A new study has found that periodontal (gum) disease could be an independent predictor of incident Type 2 diabetes.
Researchers at the Columbia University Mailman School of Public Health conducted the study to look whether periodontal infections can contribute to the development of diabetes, as it is already known that diabetics are at a higher risk of developing gum disease, Science Daily reports.
They looked at 9,000 participants from the US and found that those who experienced higher-than-average incidences of gum disease were almost twice as likely to become diabetic during the 20-year timeframe.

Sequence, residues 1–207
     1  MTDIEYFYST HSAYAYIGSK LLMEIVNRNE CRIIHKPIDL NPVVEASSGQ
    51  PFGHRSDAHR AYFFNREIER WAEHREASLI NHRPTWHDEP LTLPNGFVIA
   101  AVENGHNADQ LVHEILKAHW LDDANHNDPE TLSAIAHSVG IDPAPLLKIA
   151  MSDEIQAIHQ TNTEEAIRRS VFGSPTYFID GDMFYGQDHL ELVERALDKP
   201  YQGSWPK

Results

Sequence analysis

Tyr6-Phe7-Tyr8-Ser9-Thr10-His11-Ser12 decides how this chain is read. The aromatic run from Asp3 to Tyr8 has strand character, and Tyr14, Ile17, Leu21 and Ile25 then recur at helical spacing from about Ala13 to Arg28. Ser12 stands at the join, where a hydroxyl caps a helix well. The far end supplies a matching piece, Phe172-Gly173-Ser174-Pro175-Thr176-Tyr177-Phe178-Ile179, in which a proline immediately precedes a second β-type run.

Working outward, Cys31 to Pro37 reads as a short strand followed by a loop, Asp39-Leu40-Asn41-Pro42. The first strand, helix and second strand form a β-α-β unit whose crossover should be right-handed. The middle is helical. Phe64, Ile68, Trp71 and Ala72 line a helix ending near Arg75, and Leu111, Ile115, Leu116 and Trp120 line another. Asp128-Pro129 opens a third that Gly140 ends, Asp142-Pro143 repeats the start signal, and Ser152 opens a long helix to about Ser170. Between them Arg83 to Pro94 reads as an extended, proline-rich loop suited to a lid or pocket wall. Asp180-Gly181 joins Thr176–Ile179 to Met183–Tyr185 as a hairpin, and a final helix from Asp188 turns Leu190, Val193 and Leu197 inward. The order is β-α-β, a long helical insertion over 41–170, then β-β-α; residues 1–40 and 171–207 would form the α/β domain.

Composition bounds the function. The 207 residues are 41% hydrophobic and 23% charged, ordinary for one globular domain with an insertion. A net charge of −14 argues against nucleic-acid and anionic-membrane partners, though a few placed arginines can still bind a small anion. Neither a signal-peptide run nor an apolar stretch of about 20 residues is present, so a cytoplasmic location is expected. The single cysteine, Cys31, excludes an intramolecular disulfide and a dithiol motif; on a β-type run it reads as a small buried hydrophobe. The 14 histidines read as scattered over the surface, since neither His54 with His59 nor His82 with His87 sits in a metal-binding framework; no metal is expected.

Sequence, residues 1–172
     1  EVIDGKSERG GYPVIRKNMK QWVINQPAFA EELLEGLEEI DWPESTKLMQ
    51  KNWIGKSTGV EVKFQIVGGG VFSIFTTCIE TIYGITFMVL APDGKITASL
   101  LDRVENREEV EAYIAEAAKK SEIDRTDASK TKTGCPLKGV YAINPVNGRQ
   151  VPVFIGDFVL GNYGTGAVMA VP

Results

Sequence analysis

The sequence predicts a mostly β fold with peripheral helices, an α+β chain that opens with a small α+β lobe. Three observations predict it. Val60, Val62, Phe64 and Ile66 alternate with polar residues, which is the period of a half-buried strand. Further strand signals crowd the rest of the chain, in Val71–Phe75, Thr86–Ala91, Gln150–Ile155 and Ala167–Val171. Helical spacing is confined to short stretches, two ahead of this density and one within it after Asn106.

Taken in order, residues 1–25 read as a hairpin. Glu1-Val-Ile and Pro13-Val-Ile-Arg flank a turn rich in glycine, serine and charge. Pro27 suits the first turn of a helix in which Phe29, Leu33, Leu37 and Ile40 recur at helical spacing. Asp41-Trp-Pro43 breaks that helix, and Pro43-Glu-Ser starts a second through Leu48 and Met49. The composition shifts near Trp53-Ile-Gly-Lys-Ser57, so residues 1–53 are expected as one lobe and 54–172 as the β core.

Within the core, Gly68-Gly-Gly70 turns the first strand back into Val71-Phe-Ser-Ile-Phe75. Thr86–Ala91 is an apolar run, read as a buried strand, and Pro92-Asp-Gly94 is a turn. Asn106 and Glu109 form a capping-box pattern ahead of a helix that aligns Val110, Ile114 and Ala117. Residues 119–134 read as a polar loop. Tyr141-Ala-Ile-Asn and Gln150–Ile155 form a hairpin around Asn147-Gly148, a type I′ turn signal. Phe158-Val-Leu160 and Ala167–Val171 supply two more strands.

Dr Ryan T Demmer, lead author, commented: "These data add a new twist to the association and suggest that periodontal disease may be there before diabetes."
"We found that over two decades of follow-up, individuals who had periodontal disease were more likely to develop Type 2 diabetes later in life when compared to individuals without periodontal disease," he added.
Previous research has found that people with gum disease are also more likely to develop cardiovascular disease.
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